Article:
Saudi Arabia is considering taking its state-owned oil behemoth public. According to deputy crown prince Mohammed bin Salman, the IPO for Saudi Aramco could take place in the coming months. By selling shares, Saudi Arabia and Aramco would be able to better raise funds, promote transparency and fight against corruption.
The oil production of Saudi Aramco is roughly twice the amount of its closest competitor, representing more than 10% of the world’s output of oil. A slump in crude oil prices has brought oil to a 12 year low. This has had a serious impact on the revenue of Saudi Arabia, as the country has been forced to take steps to reduce public spending. Salman has stated that he hopes to reduce the country’s dependence on oil.
The massive size of the company would result in any public offering being a major event. Some market analysts have said that about 5% of the company could be offered initially, while more shares could be sold at a later date. Either way, it appears that Saudi Arabia will maintain the overwhelming majority control of the oil company. But giving up any portion of the company would cause Saudi Arabia to lose some control over the lucrative global oil market.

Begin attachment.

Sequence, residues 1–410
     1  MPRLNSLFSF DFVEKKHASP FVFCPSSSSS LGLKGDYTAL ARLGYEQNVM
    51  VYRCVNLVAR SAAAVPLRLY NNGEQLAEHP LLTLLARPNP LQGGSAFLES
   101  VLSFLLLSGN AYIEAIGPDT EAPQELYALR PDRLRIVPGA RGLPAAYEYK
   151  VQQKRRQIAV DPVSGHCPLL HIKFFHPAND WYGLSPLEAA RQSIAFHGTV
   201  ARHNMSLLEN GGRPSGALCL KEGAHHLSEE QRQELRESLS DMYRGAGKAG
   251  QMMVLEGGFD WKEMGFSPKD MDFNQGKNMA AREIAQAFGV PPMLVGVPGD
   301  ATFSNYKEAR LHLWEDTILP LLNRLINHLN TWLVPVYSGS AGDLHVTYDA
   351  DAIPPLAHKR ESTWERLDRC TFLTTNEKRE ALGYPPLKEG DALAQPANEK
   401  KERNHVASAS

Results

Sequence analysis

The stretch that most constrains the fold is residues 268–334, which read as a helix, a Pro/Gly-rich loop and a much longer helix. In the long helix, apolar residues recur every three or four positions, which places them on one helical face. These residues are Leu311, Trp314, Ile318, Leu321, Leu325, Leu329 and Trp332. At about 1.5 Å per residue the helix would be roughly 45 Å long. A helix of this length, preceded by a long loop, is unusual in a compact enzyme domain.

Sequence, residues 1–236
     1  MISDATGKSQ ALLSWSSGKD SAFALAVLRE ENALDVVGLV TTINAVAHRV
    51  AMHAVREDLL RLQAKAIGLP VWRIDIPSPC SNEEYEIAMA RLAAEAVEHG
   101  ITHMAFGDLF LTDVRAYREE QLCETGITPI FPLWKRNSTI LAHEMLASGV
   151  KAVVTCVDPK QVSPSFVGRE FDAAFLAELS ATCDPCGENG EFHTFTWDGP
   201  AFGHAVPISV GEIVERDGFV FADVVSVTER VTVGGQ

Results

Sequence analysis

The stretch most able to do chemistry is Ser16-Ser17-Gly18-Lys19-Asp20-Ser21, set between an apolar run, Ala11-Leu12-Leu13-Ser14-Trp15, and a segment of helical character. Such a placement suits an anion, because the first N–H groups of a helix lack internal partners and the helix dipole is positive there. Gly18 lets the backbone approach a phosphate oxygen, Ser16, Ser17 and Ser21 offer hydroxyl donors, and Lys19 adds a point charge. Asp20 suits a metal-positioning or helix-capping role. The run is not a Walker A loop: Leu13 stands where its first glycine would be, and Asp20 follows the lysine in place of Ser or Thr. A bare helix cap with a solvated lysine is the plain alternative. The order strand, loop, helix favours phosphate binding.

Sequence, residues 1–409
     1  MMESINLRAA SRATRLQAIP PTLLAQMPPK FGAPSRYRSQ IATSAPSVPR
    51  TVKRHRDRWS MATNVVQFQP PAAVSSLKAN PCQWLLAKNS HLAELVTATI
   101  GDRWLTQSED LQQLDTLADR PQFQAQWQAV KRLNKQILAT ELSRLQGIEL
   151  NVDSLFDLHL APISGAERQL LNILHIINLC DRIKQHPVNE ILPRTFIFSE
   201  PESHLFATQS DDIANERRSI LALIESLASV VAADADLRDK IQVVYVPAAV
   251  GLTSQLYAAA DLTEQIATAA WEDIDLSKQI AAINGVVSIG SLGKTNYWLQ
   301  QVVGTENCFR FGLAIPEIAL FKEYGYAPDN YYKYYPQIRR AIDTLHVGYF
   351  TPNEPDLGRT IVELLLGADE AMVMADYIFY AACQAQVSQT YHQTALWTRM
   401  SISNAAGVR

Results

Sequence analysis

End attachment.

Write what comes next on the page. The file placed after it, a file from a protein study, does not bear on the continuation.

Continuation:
Even with falling oil prices, Salman has stated that the Saudi economy is in decent shape. The country has reportedly increased its non-oil revenues by 29%.
On Wednesday, the price of crude oil sold by members of OPEC fell below $30 a barrel. This represents the lowest price in nearly 12 years. Because of the slump, OPEC members lost around $500 billion in revenue last year.
Aramco produced 10.25 million barrels per day in December. The company is responsible for the entirety of crude oil production in Saudi Arabia. By comparison, OAO Rosneft of Russia produces about 5 million barrels per day, while Exxon Mobil produces 4 million barrels per day.